Aframaxes - the worst performers

May 25 2018

The worst crude oil tanker performers thus far this year were Aframaxes trading in the North Sea, Gibson Shipbrokers said in a report.

Crude tanker earnings across all size groups have been at very depressed levels in 2018.


Despite traditional support offered to the market during the winter months, spot TCE earnings on the key route from Hound Point to Wilhelmshaven (TD7) have averaged disastrous levels. The running average for the year to date shows a negative return of minus $1,750 per day for Aframxes with standard consumption levels before waiting time is taken into account.


In addition to weak fundamentals, there are also other factors behind this exceptional weakness that are unique to Aframaxes trading in Northwest Europe, Gibson said.


Mild weather for most of the winter season reduced volatility in rates to a minimum. There has also been a notable decline in Russian crude exports from the Baltic.


Crude exports from Primorsk and Ust-Luga averaged just under 1.3 mill barrels per day during the first quarter of this year, down by over 350,000 barrels per day, compared to the corresponding period in 2017. This followed the expansion of the ESPO pipeline spur into China mainland.


North Sea crude production has also declined, although not so dramatically. Output fell by 130,000 barrels per day during the first three months of this year relative to 1Q17.


While there is less demand, tonnage availability is greater, and the growing fleet is only one of the reasons. For example, since September, 2017, there has been a notable increase in volume of US crude being shipped to Europe, primarily on Aframaxes, boosting the number of tankers looking for employment in the region.


According to AIS data, during the first four months of this year, 35 Aframaxes loaded in the US for discharge in Northwest Europe, to just 14 units over the corresponding period of 2017.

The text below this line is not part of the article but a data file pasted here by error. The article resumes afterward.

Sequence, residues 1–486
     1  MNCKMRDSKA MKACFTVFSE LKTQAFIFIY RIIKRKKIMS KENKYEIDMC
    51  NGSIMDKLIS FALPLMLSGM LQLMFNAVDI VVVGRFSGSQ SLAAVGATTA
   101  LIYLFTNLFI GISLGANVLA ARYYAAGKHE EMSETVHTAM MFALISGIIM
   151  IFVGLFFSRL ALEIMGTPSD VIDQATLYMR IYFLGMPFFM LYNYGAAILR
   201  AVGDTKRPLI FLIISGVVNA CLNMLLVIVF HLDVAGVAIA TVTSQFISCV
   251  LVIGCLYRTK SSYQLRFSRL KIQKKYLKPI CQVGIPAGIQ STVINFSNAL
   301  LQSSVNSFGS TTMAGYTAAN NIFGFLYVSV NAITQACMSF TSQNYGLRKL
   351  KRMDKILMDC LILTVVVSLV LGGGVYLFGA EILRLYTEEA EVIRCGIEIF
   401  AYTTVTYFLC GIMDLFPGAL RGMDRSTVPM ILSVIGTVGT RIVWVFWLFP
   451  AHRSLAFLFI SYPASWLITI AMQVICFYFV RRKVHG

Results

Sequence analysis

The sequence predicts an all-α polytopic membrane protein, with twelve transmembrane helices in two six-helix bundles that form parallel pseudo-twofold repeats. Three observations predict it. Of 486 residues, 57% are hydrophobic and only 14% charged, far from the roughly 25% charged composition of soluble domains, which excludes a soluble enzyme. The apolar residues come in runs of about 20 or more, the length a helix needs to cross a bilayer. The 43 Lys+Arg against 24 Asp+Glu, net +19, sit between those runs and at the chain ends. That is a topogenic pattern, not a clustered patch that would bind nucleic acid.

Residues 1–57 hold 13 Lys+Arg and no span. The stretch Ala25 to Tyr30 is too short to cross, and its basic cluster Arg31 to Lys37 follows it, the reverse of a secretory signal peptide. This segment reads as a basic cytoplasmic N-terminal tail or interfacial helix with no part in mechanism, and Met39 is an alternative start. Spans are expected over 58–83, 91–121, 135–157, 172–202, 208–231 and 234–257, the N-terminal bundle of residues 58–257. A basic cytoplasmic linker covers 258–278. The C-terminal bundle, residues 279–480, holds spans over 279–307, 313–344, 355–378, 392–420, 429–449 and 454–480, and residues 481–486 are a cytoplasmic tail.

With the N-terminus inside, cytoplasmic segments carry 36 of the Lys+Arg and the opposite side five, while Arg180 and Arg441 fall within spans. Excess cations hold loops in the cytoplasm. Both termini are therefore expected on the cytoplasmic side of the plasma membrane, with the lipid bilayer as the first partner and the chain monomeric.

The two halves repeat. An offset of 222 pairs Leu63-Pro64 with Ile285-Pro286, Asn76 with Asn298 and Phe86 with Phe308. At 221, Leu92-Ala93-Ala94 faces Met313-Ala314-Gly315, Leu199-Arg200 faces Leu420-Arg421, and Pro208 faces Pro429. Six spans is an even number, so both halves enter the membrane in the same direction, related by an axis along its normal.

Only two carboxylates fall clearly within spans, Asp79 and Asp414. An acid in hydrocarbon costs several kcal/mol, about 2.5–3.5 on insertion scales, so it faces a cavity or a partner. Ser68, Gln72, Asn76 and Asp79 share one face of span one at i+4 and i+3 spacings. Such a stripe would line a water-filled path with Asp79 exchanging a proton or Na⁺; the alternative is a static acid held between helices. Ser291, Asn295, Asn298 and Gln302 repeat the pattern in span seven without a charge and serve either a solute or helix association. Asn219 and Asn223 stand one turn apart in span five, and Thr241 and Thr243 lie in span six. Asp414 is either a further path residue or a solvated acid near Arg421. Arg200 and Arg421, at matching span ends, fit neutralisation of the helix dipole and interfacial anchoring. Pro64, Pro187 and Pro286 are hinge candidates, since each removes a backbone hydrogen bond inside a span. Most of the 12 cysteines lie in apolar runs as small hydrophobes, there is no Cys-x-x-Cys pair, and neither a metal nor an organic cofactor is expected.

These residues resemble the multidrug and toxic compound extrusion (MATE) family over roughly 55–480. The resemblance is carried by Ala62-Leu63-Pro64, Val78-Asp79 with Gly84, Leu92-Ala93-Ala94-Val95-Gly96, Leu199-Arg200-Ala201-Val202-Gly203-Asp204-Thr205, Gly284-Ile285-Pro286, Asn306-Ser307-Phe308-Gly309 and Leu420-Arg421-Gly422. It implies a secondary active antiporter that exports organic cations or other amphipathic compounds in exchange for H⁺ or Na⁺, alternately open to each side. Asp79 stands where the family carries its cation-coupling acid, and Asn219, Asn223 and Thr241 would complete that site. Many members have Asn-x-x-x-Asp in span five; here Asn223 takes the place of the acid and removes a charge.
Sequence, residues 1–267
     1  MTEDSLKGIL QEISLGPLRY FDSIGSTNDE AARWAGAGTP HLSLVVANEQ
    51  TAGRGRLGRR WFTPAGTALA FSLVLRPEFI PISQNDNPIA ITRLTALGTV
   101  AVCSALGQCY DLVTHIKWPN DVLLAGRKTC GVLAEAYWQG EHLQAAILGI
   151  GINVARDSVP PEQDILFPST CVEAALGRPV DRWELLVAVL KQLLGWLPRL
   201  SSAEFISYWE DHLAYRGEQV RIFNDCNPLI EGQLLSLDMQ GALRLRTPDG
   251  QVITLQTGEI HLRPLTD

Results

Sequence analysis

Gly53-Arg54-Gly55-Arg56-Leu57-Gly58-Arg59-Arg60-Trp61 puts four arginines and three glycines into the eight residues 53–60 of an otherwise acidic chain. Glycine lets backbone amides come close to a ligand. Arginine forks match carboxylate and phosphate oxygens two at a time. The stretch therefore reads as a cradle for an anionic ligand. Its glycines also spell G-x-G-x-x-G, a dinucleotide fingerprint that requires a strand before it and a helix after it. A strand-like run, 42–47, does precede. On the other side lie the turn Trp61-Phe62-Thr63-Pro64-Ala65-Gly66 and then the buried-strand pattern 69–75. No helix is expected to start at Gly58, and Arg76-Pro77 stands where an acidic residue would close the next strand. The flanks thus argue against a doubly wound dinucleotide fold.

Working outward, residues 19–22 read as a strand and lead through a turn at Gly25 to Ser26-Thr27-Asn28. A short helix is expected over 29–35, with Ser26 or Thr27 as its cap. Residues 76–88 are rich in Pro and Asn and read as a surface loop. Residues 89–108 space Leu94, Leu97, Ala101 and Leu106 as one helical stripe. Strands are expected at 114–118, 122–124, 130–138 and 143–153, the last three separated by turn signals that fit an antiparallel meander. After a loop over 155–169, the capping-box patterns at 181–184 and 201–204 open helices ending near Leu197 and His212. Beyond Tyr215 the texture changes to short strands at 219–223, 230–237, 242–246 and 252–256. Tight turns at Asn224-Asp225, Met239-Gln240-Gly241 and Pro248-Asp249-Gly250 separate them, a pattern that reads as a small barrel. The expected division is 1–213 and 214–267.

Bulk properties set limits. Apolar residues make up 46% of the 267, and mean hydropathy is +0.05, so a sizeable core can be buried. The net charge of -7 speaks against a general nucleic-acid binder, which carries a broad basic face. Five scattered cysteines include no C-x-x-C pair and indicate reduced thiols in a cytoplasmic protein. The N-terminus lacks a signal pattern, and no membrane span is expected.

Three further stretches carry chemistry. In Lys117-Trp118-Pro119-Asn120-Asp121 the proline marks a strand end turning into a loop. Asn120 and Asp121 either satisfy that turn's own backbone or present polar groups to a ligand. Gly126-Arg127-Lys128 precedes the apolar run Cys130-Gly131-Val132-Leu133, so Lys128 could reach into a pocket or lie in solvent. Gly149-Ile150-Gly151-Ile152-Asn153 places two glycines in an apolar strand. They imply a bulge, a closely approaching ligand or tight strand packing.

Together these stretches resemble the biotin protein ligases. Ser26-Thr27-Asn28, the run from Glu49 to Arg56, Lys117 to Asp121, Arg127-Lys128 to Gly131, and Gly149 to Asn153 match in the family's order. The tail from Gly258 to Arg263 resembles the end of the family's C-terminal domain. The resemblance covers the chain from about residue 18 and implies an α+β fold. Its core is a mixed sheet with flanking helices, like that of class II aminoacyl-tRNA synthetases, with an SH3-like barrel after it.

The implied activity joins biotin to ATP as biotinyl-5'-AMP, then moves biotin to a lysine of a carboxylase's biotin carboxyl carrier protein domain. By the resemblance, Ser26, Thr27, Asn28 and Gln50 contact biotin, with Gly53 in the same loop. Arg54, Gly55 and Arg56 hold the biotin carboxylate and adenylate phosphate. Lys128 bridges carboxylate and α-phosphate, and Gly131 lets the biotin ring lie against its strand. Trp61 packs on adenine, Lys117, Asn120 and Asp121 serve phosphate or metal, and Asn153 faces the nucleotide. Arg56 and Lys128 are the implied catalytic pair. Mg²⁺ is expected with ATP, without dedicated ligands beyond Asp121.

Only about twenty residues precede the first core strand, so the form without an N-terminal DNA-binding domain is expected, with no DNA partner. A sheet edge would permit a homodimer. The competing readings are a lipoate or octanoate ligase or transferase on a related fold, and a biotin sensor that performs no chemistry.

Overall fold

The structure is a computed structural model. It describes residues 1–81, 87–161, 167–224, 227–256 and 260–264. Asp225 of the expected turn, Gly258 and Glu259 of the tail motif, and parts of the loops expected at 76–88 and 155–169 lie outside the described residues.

Another 26 Aframaxes sailed from the US for the Mediterranean between January and April this year, versus 11 during the same period last year.


The current trade dynamics in North West Europe are unlikely to change dramatically in the near future, Gibson said. Production cutbacks need to be lifted to see any meaningful and sustainable increases in Russian crude exports


North Sea output is forecast to slip further this year and in 2019. Production is projected to bounce back in 2020, following the start-up of new projects in Norway. At the same time, crude supply in the US keeps rising at a relentless pace, suggesting that exports are also likely to carry on growing.


Most of the US crude growth demand is coming from Asia. However, until VLCC loading infrastructure in the US is improved to eliminate the expensive practice of reverse lightening, US barrels could remain attractively priced for the European market.


If this is the case, it will only keep Aframax availability off the UK/Continent and in the Mediterranean at elevated levels. Yet, as there is limited scope for growth in crude demand in Europe, growth is also likely to push more of the regional supply, be it West African, Mediterranean or North Sea barrels, to Asia on larger tonnage.


As far as the Aframaxes trading in the North Sea are concerned, perhaps the most realistic prospect for improvement in the immediate future is on the supply side. As spot earnings are worse than in other key trades, owners may be prompted to reposition to a different trading area, if the opportunity arises. In addition, owners of coated tankers may take an even more radical approach and switch to the clean tanker market completely.


However, longer term, the slowing pace of deliveries and prospects of higher demolition driven by new legislation offer hope for a more substantial recovery, Gibson concluded.


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